Science laboratories, meanwhile, which often involve work in specialised laboratories, are not easily replaced. Some academics are replacing their laboratories with virtual (video) laboratories. This is in line with the recommendations made by the EAC.
As for assessments, our academics soon realised that the format and form of the pre-MCO assessments were no longer applicable in the new normal. We changed our assessments immediately as invigilated exams would no longer be practicable. We needed to find alternatives that would achieve the same learning outcomes, as our teaching and learning is founded on Outcomes Based Education (OBE).
Open-book assignments and take-home tests became the order of the day. This change in format was also meant to minimise academic integrity issues, which has emerged to become a talking point at the current time, as well as an opportunity for further development (Ross 2020).
For sure, there are areas that require written examinations, and for these, it is foreseen that remote proctoring and other monitoring practices will be commonplace in the near future. For now, we uphold academic integrity by getting students to submit their work through Turnitin, which is an Internet-based plagiarism detection software.
Meanwhile, with open book assessments, consistent with our students’ feedback, and feedback from other international sources (Hunt 2020), we implemented sufficient flexibility and duration for students to ensure completion of their assessments.
While they may not have access to our brick-and-mortar library with physical books, they have the entire Internet, as well as their learning materials to refer to. To fit the open-book format, we employed a range of strategies: using assignments that required online research, individual variation in the parameters of the questions, and thinking outside the box, all the while ensuring that plenty of opportunities for consultation are provided.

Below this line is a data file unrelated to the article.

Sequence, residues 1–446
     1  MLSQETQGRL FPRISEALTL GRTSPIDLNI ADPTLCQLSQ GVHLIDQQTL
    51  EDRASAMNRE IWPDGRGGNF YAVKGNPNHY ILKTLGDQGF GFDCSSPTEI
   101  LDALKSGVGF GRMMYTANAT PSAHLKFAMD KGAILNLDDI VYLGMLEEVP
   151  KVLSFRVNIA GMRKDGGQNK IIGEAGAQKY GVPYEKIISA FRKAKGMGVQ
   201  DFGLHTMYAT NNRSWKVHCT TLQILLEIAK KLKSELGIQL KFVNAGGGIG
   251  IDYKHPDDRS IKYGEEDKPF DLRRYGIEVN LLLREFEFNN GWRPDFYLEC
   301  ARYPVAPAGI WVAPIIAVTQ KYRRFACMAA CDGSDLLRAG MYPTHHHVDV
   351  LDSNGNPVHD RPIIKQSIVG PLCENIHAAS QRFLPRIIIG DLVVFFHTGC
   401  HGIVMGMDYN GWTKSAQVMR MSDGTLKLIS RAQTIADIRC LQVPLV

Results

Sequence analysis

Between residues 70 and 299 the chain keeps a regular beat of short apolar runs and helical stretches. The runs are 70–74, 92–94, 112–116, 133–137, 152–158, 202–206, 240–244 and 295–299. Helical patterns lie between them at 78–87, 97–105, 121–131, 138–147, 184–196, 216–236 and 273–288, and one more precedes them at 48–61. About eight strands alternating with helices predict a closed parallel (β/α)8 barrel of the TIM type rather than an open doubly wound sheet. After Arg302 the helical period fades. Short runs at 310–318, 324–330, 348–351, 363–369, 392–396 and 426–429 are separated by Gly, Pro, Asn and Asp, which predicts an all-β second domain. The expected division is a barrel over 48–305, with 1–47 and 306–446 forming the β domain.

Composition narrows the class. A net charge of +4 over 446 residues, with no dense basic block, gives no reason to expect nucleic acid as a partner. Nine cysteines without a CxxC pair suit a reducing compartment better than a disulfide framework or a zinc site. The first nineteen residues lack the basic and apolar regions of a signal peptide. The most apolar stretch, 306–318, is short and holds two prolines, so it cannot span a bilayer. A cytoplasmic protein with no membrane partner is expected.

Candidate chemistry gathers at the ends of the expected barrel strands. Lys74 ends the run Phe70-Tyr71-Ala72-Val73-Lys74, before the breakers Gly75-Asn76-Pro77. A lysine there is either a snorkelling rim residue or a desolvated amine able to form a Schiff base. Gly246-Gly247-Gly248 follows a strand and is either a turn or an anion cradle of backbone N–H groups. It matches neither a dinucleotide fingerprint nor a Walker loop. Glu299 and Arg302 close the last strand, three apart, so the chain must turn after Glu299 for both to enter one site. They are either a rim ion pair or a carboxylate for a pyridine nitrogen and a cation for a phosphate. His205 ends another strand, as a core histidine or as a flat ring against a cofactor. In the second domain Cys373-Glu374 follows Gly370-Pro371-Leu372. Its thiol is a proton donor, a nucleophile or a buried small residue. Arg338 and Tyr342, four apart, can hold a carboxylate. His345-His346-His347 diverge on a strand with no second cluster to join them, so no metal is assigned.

A happy development our academics found is that with the online communication, students’ trepidation of face-to-face meetings with lecturers have been removed. Students are more inclined to seek consultation electronically, and our student consultations have increased overall.
From our observations, some students flourish and make good use of the enforced time at home by working constantly on their studies. Some struggle with their work and feel demotivated, but we encourage them to push on and try to help them where we can. The challenge remains to keep students engaged and on track with their learning. After all, they will have to get through their courses, and the academic’s job is to steer them through the journey.
Our academics have done a wonderful job learning and practicing hard skills such as mastering online communication platforms and maximising use of LMSes, and have found that soft skills such as motivating students and keeping them engaged are still very relevant in online delivery, perhaps even more so as the face-to-face connection has been removed.
Although these efforts have involved a steep learning curve for us, these are essential skills for teaching and learning both in the current situation and in the foreseeable future, so the effort involved is well worth it. Almost certainly, the landscape of teaching and learning at the tertiary level has been altered forever.
Associate Professor Tang Fu Ee is the Associate Dean of Learning and Teaching of the Faculty of Engineering and Science, Curtin University Malaysia. He can be contacted by email at firstname.lastname@example.org.